strug­gles be­tween a feisty teenager (Ro­nan, de­light­ful) and her ha­rassed mum (Met­calf, nu­anced) in mil­len­nial Sacra­mento. For some­body so of­ten iden­ti­fied as the most fash­ion­able of cin­e­matic hip­sters, ac­tor-turned-di­rec­tor Ger­wig proves (not for the first time) to have an enor­mously gen­er­ous spirit. No­body is per­fect in the Lady

Bird uni­verse. But no­body is fully ma­lign ei­ther. Lau­rie gets her mo­ment of cathar­sis. Ro­nan is even­tu­ally al­lowed the chance to breath. Es­sen­tial. 15A cert, gen re­lease, 94 min DC

NEW RE­LEASE THE LODGERS ★★★ Di­rected by Brian O’ M al­ley. Star­ring Char­lotte Vega, Bill Miln er, Eu­gene Si­mon, David Bradley, Deirdre O’Kane, Moe Dun­ford, Roisin Mur­phy Two As­cen­dency twins, haunted by ma­lign “Lodgers”, lurk in their big Ir­ish house in the years fol­low­ing the first World War. Work­ing from a script by David Turpin, the pic­ture hangs around some fas­ci­nat­ing ideas about oth­er­ness in Ir­ish so­ci­ety, but there is a sense that too much tin­ker­ing has gone on with the ma­chin­ery. A ter­rific found­ing con­cept leads on to a de­noue­ment that could only be more baf­fling if it were in Ja­panese. 15A cert, gen re­lease, 93 min DC

THE MERCY ★★ Di­rected by James Marsh. Star­ring Colin Firth, Rachel Weisz, David

Thewlis On Oc­to­ber 31st, 1968, busi­ness man and am­a­teur sailor Don­ald Crowhurst set off in the

Sun­day Times Golden Globe Race, a com­pe­ti­tion to be the first per­son to sail non­stop and sin­gle-hand­edly around the world. In com­mon with its tragic pro­tag­o­nist, The Mercy has nowhere to go. Crowhurst, as es­sayed by Colin Firth, sets out on a plainly doomed mis­sion which turns out to be a plainly doomed mis­sion. All at sea. 12A cert, gen re­lease, 102 min TB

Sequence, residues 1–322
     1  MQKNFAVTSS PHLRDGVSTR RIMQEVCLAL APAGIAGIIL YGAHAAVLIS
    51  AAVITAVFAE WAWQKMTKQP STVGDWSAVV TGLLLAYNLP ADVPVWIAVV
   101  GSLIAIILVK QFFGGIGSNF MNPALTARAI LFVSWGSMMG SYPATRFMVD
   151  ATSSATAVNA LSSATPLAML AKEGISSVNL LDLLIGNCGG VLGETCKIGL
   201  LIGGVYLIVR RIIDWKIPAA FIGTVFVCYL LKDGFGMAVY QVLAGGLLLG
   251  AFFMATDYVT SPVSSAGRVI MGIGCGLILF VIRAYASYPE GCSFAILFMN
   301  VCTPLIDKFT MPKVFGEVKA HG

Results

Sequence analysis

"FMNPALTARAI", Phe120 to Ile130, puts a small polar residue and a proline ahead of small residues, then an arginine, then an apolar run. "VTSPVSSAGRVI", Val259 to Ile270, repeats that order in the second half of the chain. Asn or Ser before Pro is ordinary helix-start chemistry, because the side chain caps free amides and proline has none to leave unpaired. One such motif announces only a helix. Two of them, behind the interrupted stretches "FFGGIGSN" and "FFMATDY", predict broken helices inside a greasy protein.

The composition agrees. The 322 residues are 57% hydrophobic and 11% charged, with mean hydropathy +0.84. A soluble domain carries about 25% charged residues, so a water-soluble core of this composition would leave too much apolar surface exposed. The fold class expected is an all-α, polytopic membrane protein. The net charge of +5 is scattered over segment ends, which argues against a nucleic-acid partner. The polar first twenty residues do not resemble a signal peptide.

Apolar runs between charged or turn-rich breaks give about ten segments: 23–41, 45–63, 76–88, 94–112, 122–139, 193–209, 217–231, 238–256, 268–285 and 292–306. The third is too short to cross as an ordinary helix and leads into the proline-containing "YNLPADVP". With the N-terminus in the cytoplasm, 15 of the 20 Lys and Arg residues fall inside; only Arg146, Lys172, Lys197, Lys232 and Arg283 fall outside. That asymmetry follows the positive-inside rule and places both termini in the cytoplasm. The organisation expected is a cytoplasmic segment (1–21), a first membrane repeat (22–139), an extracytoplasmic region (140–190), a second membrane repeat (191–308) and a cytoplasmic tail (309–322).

NEW RE­LEASE MOMANDDAD ★★★★ Di­rected by Brian Tay­lor. Star­ring Ni­co­las Cage, Selma Blair, Lance

Hen­rik­sen Think back on the most un­hinged screen mo­ments of Ni­co­las Cage’s ca­reer. Mul­ti­ply all these scenes to­gether and you still can’t match the awe­some lu­nacy of Nic killing a pool ta­ble in the de­light­fully deliri­ous Mom and Dad. With a taboo-trounc­ing twist on James Tip­tree Jr’s 1977 sci-fi clas­sic The

Screwfly So­lu­tion, this fraz­zled new film from the re­li­ably hy­per­ac­tive Tay­lor (Crank: High Volt­age) con­cerns a mys­te­ri­ous sig­nal that starts trans­mit­ting through tele­vi­sion screens and ra­dios. The mad­ness is all to en­joy­able ends. 16 cert, gen re­lease, 86 min TB

MON­STER FAM­ILY ★ Di­rected by Hol ger Tappe.Voic es of Emily Wat­son, Nick Frost, Jes­sica Brown Find lay, Celia Im­rie, Cather­ine

Tate,Ja­sonIsaacs It was brave of the pro­duc­ers of this Euro-baloney to hire a writer called Catha­rina Junk. Wat­son voices a book­store owner who ac­ci­den­tally phones Drac­ula and gets caught up in his yearn­ing for com­pany. Based, some­what in­cred­i­bly, on an ac­tual book, Mon­ster House does seem to have had proper money put its

way. Though never pretty, the com­puter an­i­ma­tion is slick enough to com­pare with the mid-price ef­forts of Amer­i­can com­peti­tors. PG cert, gen re­lease, 93 min DC

PHANTOMTHR­EAD ★★★★ Di­rected by Paul Thomas An­der­son. Star­ring Daniel Day-Lewis, Vic ky Krieps, Les­ley Man ville, Camilla

Ruther­ford, Gina Mc­Kee An­der­son’ s lat­est ex­per­i­ment in the cin­ema of tyranny stars Day-Lewis as a suc­cess­ful cou­turier in a ver­sion of 1950s Lon­don un­touched by smog or ra­tioning. Reynolds Wood­cock (for it is he) is even­tu­ally chal­lenged in his toxic mas­culin­ity by a smart young wait­ress (Krieps) with a ter­ri­fy­ing fun­gal strat­egy. The tech­ni­cal elan is so icily per­sua­sive that it’s easy to put the film’s many quan­daries on the long fin­ger. Spooky. Puz­zling. Per­sua­sive. 15A cert, gen re­lease, 130 min DC

THE POST ★★★★ Di­rected by Steven Spiel­berg Star­ring Tom Hanks, Meryl Streep, Bruce Green­wood, Bob O den kirk,

MichaelS­tuhlbarg Ef­fec­tive, un­flashy in­ves­ti­ga­tion of the Wash­ing­ton Post’s ef­forts to print the Pen­tagon Pa­pers – re­veal­ing the state’s dis­hon­esty about the Viet­nam War – dur­ing a tur­bu­lent pe­riod for Amer­ica. Hanks is solid as edi­tor Ben Bradlee and Streep sub­tle as pub­lisher Katharine Gra­ham. But it’ s the film’ s con­ver­sa­tion with events in its near fu­ture (Water­gate) and dis­tant fu­ture (the cur­rent Trumpoc­racy) that sets it apart. The Post’s cheeky clos­ing shots will de­light fans of post-clas­si­cal Hol­ly­wood. 12A cert, gen re­lease, 116 min DC